As one of the three divisions within the Office of Response and Restoration, the Assessment and Restoration Division (ARD) is responsible for evaluating and restoring coastal and estuarine habitats damaged by hazardous waste releases, oil spills, and vessel groundings. To fully accomplish this mission, ARD joined with NOAA's General Counsel for Natural Resources and Office of Habitat Conservation to create the Damage Assessment, Remediation and Restoration Program (DARRP). This successful NOAA partnership tackles the challenges of environmental damages to ensure marine natural resources are protected and restored.
The Assessment and Restoration Division comprises NOAA biologists, toxicologists, ecologists, policy analysts, information specialists, attorneys, geologists, environmental engineers, and economists. Together, they help assess ecological risk and environmental and economic injury from contamination and ship groundings. In particular, ARD has developed specific expertise in aquatic risk assessment techniques, contaminated sediment issues, and data interpretation.
Key Division Responsibilities
Environmental Protection during Cleanup
During cleanup of an oil spill or hazardous waste release, ARD experts provide guidance to agencies leading the cleanup, the U.S. Coast Guard or U.S. Environmental Protection Agency (EPA), to maximize the benefits of the cleanup while minimizing any adverse affects that may occur to natural resources during a cleanup. Numerous division scientists are placed in EPA regional offices to provide technical advice for coastal waste site remediation.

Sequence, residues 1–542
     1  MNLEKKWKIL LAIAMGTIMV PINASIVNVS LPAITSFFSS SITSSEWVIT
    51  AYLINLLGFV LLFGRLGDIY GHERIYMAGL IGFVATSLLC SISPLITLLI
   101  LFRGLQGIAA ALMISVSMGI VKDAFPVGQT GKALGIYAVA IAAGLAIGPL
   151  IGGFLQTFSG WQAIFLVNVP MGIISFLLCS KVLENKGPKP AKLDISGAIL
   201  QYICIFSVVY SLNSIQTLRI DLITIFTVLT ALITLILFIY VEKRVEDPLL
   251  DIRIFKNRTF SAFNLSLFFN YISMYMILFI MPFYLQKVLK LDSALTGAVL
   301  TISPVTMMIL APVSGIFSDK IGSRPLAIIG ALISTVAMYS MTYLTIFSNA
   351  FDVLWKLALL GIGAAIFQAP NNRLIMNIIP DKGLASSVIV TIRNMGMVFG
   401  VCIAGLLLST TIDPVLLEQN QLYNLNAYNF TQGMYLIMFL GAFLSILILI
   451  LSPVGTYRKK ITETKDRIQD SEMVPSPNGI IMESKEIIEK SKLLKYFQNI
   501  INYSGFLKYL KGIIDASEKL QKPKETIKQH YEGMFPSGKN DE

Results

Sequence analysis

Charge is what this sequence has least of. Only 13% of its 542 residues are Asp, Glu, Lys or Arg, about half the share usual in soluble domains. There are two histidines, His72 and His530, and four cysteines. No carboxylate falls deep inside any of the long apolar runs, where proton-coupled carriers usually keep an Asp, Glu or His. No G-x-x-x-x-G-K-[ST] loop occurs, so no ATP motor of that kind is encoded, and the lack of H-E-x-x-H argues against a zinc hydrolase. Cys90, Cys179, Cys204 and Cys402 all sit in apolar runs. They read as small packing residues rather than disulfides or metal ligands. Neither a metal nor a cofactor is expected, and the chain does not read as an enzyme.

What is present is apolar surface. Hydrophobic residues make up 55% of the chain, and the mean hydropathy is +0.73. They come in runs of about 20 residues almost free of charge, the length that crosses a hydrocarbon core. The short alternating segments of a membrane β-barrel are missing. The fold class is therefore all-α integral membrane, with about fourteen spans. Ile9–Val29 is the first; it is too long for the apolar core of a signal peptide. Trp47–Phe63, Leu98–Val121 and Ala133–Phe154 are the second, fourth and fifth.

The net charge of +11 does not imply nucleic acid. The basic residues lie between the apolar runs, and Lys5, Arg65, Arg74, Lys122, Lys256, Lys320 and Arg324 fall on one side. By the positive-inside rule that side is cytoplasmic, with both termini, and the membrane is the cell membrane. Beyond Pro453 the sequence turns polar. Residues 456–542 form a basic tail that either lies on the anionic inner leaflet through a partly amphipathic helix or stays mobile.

Natural Resource Damage Assessments
At particular waste sites or after an oil spill, ARD conducts a Natural Resource Damage Assessment (NRDA). The NRDA process determines the extent of harm to natural resources and their uses and the appropriate type and amount of environmental restoration required to compensate the American public for those impacts.
Through the NRDA process, ARD and the DARRP program work cooperatively with government agencies, Native American tribes, companies, and the public to carry out restoration projects at hazardous waste, oil spill, and vessel grounding sites. Since 1990, more than $550 million has been recovered from parties responsible for the damage. The funds are used to restore damaged estuarine and coastal resources, including wetlands, coral reefs, streams, and beaches. Environmental restoration benefits fish, birds, marine mammal habitat, and local and regional economies. Find out more about environmental assessment and restoration.